Military Embedded Systems

Raytheon EMP weapon tested by Boeing, USAF Research Lab


November 02, 2012

Brandon Lewis

Technology Editor

Embedded Computing Design

Raytheon EMP weapon tested by Boeing, USAF Research Lab

Boeing has announced that it successfully tested an electromagnetic pulse missile capable of disabling electronics without affecting structures. The Counter-electronics High-powered Advanced Missile Project (CHAMP) was tested by a Boeing Phantom Works/U.S. Air Force Research Laboratory Directed Energy Directorate team on October 16 at the Utah Test and Training Range.

Firing high-power microwave bursts at a multi-story structure containing electronic systems and devices, the drone-like weapon irreparably disabled the computers and electronics within seven targets in a one-hour period. The cameras recording the operation were also disabled.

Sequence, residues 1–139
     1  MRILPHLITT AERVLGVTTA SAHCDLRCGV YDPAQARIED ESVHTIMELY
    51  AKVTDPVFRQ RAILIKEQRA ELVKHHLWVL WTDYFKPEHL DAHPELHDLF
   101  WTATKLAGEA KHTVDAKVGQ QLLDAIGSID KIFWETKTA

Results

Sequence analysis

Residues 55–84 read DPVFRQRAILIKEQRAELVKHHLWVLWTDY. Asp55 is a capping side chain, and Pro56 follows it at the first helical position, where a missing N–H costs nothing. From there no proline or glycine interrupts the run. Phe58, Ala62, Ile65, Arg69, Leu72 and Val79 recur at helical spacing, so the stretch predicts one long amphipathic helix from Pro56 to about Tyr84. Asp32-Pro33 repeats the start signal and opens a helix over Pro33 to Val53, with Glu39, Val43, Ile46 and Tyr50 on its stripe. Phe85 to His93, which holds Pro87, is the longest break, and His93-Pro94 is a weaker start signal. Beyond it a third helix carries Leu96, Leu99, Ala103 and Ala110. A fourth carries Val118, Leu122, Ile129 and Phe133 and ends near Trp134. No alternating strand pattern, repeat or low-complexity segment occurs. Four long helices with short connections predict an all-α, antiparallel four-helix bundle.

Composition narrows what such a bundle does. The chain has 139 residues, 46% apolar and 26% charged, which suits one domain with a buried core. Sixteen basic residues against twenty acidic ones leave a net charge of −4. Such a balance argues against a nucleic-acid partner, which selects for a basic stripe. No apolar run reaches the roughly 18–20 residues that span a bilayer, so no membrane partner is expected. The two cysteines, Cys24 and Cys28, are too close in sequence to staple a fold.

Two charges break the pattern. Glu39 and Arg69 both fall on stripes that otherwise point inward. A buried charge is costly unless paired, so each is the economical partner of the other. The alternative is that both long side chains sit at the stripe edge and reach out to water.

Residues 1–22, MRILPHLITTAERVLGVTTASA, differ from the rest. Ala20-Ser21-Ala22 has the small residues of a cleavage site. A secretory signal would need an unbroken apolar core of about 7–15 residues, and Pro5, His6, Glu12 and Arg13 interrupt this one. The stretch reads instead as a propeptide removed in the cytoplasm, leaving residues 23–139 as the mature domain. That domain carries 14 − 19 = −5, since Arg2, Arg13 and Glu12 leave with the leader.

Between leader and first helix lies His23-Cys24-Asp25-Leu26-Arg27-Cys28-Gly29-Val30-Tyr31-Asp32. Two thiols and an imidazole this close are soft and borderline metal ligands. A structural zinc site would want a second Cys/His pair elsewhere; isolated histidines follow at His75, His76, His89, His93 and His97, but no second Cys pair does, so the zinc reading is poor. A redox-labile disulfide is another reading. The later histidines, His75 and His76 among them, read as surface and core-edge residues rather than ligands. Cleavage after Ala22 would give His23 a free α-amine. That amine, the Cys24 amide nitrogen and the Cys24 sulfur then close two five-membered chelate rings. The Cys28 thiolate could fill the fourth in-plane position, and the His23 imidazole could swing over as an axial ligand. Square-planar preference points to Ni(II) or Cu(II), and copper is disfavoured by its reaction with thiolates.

CHAMP's High Power Microwave instrument that provided the disabling EMP blast is a product of Raytheon Ktech, who remotely viewed the operation. Telemetry and data from the test are now being analyzed further.

Though speculation exists surrounding the weapon’s effectiveness against military-hardened electronics, the prospects of its use are bright.

“This technology marks a new era in modern-day warfare,” said Keith Coleman, Boeing Phantom Works' CHAMP Program Manager. “In the near future, this technology may be used to render an enemy’s electronic and data systems useless even before the first troops or aircraft arrive.”

The CHAMP program is a three-year endeavor between Boeing and U.S. Air Force Research Laboratory that hopes to eventually produce five such EMP missiles.

More commentary on the weapon and test can be viewed at

Read more on advanced warfare techniques in the blog, "Sixth-generation warfare: Manipulating space and time" at


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